upon which the executive government may very fairly,
without any loss of its dignity, provided they main-
tain a sufficient revenue for the credit of the country
and for its establishments, reconsider any particular
measures of finance they have proposed.' 3 " To the
same effect, Mr. T. Baring, the under secretary for war
in Lord Palmerston's administration, said, in 1861, after
the rejection by the House of Lords of the Bill for the
repeal of the Paper Duties, which formed part of the
financial measures of government for that year, ' I am
happy that we live at a time when experience has shown

Hans. D. (1816), v. 33, p. 451. Hans. D. v. 116, p. 634. Sir R.

Knight, Hist, of England, v. 8, p. 53. Peel had expressed a similar opinion,

Yonpe, Life of Ld. Liverpool, v. 2, in 1841. See ante, p. 207.
pp. 270, &c.


that a budget may be modified or rejected without any
change in the position of the ministry. I am glad that
we have seen budgets withdrawn, and fresh ones intro-
duced. We have seen taxes remitted, or taxes, the
remission of which, when proposed, has been refused,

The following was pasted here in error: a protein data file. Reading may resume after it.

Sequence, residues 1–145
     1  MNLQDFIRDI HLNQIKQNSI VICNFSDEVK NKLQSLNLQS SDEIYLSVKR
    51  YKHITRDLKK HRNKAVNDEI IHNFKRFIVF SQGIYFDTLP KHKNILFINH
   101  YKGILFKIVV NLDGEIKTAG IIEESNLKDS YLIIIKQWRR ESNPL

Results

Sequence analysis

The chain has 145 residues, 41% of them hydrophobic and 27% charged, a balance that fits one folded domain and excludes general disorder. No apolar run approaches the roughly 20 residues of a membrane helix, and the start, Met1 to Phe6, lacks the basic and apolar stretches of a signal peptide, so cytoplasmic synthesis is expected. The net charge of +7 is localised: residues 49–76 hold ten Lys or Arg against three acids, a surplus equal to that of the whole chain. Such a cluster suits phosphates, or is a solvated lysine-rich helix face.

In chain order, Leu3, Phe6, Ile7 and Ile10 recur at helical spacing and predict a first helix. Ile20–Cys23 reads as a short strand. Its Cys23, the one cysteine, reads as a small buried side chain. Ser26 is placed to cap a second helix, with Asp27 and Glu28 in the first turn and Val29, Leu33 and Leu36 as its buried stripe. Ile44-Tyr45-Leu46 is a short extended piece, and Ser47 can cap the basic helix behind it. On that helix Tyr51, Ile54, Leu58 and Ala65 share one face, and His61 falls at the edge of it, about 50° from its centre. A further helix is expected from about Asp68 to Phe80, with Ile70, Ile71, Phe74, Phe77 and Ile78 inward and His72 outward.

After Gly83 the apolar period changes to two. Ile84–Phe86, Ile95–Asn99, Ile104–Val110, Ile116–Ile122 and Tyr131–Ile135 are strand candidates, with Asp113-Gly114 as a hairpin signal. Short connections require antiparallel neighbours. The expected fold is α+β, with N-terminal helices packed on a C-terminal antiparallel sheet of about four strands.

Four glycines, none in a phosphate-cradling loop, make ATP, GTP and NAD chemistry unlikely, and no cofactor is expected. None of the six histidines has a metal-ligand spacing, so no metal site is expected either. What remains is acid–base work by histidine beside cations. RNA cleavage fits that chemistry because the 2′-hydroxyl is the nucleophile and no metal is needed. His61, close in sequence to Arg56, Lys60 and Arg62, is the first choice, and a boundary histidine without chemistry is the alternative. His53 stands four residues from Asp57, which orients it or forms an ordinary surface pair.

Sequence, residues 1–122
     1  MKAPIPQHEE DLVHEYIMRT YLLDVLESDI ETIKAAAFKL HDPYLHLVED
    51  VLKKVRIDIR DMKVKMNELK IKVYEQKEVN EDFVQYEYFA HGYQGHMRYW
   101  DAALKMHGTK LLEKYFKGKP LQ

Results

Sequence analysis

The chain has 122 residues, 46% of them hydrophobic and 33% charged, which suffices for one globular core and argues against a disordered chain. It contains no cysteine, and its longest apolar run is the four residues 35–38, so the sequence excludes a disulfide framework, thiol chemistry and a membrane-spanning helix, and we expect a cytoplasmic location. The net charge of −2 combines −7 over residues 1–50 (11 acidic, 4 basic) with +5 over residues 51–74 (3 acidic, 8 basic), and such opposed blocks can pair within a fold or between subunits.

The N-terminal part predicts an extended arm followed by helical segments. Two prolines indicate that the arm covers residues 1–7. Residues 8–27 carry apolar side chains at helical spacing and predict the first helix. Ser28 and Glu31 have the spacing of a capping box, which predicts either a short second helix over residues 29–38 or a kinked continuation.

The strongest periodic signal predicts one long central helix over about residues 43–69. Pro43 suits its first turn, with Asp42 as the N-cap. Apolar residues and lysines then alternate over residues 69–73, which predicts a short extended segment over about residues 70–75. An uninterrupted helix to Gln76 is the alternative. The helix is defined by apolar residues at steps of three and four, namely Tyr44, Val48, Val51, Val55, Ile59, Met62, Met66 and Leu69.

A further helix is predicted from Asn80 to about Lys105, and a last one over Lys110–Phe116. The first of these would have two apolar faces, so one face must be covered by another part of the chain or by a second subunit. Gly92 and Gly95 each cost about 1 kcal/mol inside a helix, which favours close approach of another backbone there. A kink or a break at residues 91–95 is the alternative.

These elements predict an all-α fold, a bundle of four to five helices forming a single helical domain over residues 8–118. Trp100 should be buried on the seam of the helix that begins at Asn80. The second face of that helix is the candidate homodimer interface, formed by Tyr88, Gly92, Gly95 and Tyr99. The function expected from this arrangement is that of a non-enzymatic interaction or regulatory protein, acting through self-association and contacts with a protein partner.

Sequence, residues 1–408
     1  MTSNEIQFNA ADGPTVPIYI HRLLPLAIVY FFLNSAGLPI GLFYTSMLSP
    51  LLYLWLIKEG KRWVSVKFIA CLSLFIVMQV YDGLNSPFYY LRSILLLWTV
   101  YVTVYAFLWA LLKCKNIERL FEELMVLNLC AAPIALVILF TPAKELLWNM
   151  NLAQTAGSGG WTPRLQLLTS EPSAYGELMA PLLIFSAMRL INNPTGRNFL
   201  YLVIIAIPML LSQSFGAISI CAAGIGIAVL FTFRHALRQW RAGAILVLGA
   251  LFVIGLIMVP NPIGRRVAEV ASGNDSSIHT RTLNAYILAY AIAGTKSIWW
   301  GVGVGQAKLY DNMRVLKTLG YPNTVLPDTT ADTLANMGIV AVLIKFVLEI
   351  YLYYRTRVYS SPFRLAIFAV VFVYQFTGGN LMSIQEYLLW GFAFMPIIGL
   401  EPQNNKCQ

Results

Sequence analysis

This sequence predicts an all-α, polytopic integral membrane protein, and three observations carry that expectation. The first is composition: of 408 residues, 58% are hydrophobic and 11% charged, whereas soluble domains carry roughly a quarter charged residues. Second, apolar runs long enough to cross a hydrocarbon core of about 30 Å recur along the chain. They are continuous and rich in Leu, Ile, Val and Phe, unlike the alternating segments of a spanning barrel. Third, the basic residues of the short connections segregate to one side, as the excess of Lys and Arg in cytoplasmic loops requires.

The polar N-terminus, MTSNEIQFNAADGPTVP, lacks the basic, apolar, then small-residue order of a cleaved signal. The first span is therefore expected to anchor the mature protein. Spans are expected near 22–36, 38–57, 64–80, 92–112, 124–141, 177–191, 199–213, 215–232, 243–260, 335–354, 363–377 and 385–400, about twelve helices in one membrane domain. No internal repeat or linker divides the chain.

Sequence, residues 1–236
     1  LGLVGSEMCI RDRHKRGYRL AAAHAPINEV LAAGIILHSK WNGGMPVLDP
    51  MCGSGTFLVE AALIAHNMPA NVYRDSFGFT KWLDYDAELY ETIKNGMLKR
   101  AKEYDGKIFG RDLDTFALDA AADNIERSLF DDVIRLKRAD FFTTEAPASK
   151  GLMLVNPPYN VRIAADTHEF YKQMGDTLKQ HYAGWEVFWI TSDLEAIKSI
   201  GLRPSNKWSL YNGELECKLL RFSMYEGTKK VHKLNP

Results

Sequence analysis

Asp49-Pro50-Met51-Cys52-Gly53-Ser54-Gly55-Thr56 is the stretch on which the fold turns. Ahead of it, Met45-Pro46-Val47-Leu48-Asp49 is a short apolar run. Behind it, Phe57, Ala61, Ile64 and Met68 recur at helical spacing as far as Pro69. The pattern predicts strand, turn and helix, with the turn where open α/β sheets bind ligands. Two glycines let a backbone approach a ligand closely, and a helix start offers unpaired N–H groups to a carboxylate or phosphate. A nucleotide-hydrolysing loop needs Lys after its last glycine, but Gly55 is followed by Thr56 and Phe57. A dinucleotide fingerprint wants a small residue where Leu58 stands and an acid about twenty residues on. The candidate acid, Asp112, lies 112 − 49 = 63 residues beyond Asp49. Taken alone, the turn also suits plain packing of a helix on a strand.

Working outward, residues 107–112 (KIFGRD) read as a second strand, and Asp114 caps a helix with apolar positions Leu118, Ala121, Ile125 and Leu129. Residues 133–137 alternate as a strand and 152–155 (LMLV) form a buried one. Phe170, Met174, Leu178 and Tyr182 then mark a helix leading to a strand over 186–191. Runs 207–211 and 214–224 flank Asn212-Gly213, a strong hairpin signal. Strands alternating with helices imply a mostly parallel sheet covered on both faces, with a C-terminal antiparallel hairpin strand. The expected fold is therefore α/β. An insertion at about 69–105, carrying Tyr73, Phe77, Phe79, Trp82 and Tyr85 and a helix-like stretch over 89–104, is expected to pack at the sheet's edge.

without any effect upon the cabinet. In fact, a change
of the budget does not involve a change of ministry,
and I rejoice that it is so, because I think it would be
most unpardonable obstinacy on the part of public men
to adhere to the terms of a budget which was opposed
to the wishes and feelings of Parliament. It would be
unfortunate for the free exercise of the judgment of
this House, if the rejection of any portion of a budget
were to be construed into a vote of want of confidence.' y

In proof of the extent to which the financial mea- Prece-
sures of government have been subjected, from time to budgets
time, to modification at the hands of Parliament and amended

'. . or rejected

to point out under what circumstances the rejection of by the